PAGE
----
It seems like we hear about it all the time. A gay kid, bullied, rejected and looking for a way to escape the madness of abuse. Pills, knives, rope, guns . . . the conveyance to release may be different, but the message is still the same: our gay kids are at risk, and we are in danger of failing them.
Thank the gods for organizations like The Trevor Project, an LGBT help line for kids that offers support, advice and information in an effort to curb the alarming number of LGBT suicides. I’m embarrassed to confess that I thought the group was named after an actual kid, but the project actually came about because of a one-man show called Trevor, created by actor and writer James Lecesne. This performance piece led to the 1996 film of the same name, which went on to win an Academy Award for Best Short Subject.
Now, more than two decades after its original incarnation, Lucesne’s story of a troubled gay 13-year-old has been reimagined as a novella. Trevor opens with a moving foreword by the author that reveals his own Trevorness as a child and teenager, listening to Carly Simon and acting out soap operas with his action figures.
It quickly becomes clear that our young protagonist is something of a drama queen, artfully feigning death with a carefully positioned kitchen knife on his family’s front lawn, railing against his parents’ banality, and looking forward to a Halloween dressed as Lady Gaga. His glee at being named director of his school’s production of Anything Goes is an uncomplicated delight, as is his burgeoning love for Pinky, a tough boy who’s taken a shine to our hero.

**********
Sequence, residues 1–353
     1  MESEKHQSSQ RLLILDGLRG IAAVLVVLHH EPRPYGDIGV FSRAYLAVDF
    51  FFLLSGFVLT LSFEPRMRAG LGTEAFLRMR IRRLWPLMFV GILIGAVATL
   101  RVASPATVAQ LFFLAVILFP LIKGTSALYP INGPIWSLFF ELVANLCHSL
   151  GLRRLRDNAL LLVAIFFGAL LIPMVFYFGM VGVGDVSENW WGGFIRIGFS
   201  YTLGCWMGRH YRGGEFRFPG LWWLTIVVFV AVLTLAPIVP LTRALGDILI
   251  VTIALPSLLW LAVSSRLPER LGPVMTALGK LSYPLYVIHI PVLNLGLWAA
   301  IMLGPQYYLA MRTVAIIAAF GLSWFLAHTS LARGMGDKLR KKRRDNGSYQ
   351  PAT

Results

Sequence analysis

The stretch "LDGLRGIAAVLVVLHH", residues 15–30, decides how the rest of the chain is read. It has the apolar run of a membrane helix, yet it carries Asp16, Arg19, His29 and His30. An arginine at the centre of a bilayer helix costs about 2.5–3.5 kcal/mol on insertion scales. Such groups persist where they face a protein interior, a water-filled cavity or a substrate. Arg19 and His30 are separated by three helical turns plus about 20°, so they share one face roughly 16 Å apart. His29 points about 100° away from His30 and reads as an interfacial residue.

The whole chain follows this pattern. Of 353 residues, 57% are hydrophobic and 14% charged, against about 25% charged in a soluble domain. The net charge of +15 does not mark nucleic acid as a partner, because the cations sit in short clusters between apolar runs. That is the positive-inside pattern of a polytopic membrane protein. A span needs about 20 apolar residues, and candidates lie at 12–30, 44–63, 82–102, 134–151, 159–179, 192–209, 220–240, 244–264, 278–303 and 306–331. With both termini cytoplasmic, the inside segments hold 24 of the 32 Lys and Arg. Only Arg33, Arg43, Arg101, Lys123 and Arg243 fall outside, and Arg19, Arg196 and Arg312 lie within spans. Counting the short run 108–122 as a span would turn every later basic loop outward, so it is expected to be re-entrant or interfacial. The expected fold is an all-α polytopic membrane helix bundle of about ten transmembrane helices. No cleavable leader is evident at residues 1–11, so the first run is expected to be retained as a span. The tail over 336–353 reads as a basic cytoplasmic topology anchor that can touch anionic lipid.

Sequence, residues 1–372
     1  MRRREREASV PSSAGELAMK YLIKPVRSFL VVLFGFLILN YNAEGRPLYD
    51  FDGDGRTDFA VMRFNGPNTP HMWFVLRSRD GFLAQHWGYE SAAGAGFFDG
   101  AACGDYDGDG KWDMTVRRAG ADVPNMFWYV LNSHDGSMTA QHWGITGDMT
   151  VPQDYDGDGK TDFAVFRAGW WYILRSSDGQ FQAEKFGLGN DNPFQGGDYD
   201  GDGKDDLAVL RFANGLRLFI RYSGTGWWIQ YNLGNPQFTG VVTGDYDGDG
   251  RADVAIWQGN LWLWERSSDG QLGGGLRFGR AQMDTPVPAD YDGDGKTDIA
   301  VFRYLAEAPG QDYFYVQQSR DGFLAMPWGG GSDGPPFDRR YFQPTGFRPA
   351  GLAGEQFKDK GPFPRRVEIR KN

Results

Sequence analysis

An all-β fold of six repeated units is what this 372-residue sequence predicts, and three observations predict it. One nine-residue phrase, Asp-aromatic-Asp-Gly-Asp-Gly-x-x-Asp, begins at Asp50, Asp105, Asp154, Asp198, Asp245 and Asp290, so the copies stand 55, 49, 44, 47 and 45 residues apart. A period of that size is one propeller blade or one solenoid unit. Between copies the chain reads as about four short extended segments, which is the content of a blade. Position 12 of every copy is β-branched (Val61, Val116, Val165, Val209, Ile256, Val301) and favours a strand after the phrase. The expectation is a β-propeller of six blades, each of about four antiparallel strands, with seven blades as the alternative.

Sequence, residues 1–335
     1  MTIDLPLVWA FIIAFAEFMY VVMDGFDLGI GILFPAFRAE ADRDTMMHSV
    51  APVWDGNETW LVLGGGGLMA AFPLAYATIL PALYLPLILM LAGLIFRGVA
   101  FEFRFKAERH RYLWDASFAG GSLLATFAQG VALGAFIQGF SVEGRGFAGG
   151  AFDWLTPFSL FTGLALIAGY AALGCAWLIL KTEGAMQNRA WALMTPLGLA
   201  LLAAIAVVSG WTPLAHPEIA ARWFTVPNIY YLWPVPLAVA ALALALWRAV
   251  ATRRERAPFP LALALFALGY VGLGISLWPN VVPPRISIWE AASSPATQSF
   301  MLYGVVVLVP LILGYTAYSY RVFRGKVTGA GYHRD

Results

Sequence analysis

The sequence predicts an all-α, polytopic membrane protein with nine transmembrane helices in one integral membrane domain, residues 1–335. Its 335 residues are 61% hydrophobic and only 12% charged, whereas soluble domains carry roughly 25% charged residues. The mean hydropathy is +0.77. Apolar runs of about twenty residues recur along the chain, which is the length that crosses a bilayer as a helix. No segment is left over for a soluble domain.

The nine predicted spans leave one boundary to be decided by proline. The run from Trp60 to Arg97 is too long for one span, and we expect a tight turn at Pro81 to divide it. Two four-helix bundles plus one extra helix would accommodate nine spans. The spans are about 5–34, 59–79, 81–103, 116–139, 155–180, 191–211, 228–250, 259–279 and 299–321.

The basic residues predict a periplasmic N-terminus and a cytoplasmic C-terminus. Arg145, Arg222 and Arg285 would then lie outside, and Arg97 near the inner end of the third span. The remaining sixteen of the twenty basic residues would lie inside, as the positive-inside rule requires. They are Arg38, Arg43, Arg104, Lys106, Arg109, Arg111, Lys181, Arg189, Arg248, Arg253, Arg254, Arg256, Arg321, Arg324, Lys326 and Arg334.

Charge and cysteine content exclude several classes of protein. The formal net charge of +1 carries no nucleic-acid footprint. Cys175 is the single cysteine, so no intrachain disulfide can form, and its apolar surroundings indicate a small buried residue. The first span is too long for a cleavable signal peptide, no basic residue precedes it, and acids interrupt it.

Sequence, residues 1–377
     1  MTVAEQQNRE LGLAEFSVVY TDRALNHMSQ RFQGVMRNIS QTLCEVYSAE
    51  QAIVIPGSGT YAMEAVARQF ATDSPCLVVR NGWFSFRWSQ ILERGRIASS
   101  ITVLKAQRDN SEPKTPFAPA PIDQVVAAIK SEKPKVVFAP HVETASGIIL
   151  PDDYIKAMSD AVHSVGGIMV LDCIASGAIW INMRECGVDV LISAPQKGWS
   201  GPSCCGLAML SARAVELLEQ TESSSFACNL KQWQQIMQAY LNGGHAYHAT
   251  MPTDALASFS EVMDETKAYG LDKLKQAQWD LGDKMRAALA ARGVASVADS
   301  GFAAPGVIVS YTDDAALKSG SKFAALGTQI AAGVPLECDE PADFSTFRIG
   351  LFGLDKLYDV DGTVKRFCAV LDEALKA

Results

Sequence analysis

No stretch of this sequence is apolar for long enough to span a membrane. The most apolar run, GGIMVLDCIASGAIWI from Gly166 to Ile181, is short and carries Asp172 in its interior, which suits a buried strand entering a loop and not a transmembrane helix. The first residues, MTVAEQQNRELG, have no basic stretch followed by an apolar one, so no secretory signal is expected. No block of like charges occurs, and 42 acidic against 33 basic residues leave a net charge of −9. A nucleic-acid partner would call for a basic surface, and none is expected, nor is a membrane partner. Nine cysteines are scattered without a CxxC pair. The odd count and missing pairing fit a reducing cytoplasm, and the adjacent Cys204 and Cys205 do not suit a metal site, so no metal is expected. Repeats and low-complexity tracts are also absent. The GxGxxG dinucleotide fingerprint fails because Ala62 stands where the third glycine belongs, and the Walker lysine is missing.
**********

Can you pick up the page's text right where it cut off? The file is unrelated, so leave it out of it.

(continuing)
Sadly, 13-year-olds aren’t known for their compassion, and Trevor’s flamboyant personality begins to take some serious hits from his friends and family. The boy somehow keeps his sense of humour, making his diary entries both bittersweet and laugh-out-loud funny.
Lucesne has updated Trevor’s world from the original story, incorporating modern elements like Gaga and Facebook while still maintaining the innocence and optimism that makes the teen so lovable and sympathetic. I won’t lie to you; there are some emotionally distressing moments explored in Trevor. The middle of the night saw me weeping as this funny, fabulous boy decided that the only way to escape his pain was to take his own life.
For those who see ourselves in Trevor, reopening those chapters of our own lives can be both painful and cathartic. Mercifully, the novella’s uplifting ending completes the emotional roller-coaster ride in joyous, celebratory abandon. As Lucesne says of all the world’s Trevors in the book’s foreword, "They feel. Even when it’s not easy, they feel."